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    Default Re: Vintage Conway Stewart No. 27 - Nib issue

    Hi Jon, thank you for your input. I used the term 'brassing' as this is what people post when describing pens on ebay, usually reffering to the gold trim that is 'growing' a shade ond the cap bands. Mine after your explanation ia not 'brassing' then but oxidation?

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    Senior Member Jon Szanto's Avatar
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    Default Re: Vintage Conway Stewart No. 27 - Nib issue

    Quote Originally Posted by MarcoA64 View Post
    Hi Jon, thank you for your input. I used the term 'brassing' as this is what people post when describing pens on ebay, usually reffering to the gold trim that is 'growing' a shade ond the cap bands. Mine after your explanation ia not 'brassing' then but oxidation?
    The darkening of silver, gold, and similar metals is usually referred to as patina. Oxidation is a chemical reaction that can occur to a number of surfaces/elements and is one of the processes that creates patina on the pen's metal components. Because it is a surface element, it can often be polished away and restored to a shiny look. Patina is an important aspect in a lot of antiquarian collecting (silverware, jewelry) and many people have opinions on how much, if at all, you should polish the object. Many feel the passage of time, visually, is important.

    All of that is very different from brassing, which is very much a loss of the plated portion (gold, usually) and can't polished back or restored. The only solution is relating.

    You might find this basic article of interest.
    "When Men differ in Opinion, both Sides ought equally to have the Advantage of being heard by the Publick;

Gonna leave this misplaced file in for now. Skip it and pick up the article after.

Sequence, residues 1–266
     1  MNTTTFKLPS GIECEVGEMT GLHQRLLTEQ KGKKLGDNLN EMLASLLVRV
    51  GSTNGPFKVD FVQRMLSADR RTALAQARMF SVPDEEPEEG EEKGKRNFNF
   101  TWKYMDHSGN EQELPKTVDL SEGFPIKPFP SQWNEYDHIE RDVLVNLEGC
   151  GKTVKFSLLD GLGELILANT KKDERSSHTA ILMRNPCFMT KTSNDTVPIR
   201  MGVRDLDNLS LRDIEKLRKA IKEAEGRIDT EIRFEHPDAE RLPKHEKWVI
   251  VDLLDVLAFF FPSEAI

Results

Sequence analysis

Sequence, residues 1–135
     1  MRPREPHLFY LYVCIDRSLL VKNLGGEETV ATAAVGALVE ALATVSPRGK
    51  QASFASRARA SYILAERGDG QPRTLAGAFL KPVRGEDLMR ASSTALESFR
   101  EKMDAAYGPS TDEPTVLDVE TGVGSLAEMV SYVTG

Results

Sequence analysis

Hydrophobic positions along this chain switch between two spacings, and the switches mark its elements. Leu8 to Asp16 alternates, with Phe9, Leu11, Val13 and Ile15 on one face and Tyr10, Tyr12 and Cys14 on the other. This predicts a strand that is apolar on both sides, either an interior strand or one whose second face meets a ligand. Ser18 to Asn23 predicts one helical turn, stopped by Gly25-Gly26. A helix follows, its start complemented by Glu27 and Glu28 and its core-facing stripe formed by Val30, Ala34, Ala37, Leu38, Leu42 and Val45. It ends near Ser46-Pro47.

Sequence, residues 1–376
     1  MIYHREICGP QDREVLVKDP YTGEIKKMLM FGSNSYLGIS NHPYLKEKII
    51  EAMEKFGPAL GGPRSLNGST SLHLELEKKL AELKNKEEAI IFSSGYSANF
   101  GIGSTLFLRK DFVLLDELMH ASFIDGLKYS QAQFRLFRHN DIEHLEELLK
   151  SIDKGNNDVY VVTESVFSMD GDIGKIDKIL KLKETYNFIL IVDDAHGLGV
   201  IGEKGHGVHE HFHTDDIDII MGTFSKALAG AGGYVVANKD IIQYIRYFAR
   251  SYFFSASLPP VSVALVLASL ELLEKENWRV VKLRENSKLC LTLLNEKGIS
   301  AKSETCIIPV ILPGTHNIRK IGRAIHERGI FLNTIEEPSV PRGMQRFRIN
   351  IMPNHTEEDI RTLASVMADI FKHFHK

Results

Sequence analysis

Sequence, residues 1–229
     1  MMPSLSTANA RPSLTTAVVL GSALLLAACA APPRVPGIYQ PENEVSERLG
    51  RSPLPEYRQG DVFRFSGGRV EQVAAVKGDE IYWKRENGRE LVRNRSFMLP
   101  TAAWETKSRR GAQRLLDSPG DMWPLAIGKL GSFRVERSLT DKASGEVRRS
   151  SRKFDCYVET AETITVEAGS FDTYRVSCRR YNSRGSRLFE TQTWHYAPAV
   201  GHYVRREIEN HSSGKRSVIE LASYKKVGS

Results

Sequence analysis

and that when Truth and Error have fair Play, the former is always an overmatch for the latter."

    ~ Benjamin Franklin

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    Default Re: Vintage Conway Stewart No. 27 - Nib issue

    If you purchased it as a “semi-flex”, it doesn’t look like it from the sample - but you’ve already noted that.

    “Medium” doesn’t mean anything, because there’s no standard and there are too many variables that can affect line width besides tipping size. I can take a needlepoint, adjust the flow and use cheap paper and you would never know it wasn’t a broad.

    The problem I see is in regulation, if that’s the pen and not your varying pressure. I have doubts about the tuning capabilities, experience or maybe “give a crap” factor of the “reputable shop” that sold that pen and described it as a semi-flex.

    Stuff slips through, so maybe my doubts are unwarranted. The writing problems shouldn’t be too hard to solve, but if they can’t do it then perhaps a refund or adjustment by a different person.
    Strong minds discuss ideas, average minds discuss events, weak minds discuss people.

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    Default Re: Vintage Conway Stewart No. 27 - Nib issue

    Good day all, the seller has come up with two alternatives, swap the present nib for a broad one or a refund. I opted for a refund as I do not believe that altering a way a pen was made is the way to go. If I had bought it in the 50s and the shop assistant proposed something like a nib swap, probably, I would have bought directly a broad. 70 years later I might look for an out of the factory broad. Lets see when the money arrives. Marco

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    dneal (September 23rd, 2021), Fermata (September 23rd, 2021)

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    Default Re: Vintage Conway Stewart No. 27 - Nib issue

    Money arrived 24th. All well in the end
    Cheers. Marco

  11. The Following 2 Users Say Thank You to MarcoA64 For This Useful Post:

    dneal (September 26th, 2021), Fermata (September 26th, 2021)

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    Default Re: Vintage Conway Stewart No. 27 - Nib issue

    I have quite a few vintage Conway Stewarts and have never come across one that was even close to semi-flexible.

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    eachan (September 26th, 2021)